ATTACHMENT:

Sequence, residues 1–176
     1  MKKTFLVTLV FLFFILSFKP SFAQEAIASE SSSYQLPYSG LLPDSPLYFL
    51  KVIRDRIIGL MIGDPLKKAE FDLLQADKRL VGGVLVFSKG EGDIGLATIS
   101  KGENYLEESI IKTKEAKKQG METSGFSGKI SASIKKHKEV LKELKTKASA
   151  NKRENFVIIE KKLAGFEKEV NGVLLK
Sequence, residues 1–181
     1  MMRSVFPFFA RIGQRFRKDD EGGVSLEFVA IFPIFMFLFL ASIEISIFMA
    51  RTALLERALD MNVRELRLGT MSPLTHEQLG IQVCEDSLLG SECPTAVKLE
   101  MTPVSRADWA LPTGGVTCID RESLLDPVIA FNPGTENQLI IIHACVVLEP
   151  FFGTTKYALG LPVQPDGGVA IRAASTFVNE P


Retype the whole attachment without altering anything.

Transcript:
Sequence, residues 1–176
     1  MKKTFLVTLV FLFFILSFKP SFAQEAIASE SSSYQLPYSG LLPDSPLYFL
    51  KVIRDRIIGL MIGDPLKKAE FDLLQADKRL VGGVLVFSKG EGDIGLATIS
   101  KGENYLEESI IKTKEAKKQG METSGFSGKI SASIKKHKEV LKELKTKASA
   151  NKRENFVIIE KKLAGFEKEV NGVLLK
Sequence, residues 1–181
     1  MMRSVFPFFA RIGQRFRKDD EGGVSLEFVA IFPIFMFLFL ASIEISIFMA
    51  RTALLERALD MNVRELRLGT MSPLTHEQLG IQVCEDSLLG SECPTAVKLE
   101  MTPVSRADWA LPTGGVTCID RESLLDPVIA FNPGTENQLI IIHACVVLEP
   151  FFGTTKYALG LPVQPDGGVA IRAASTFVNE P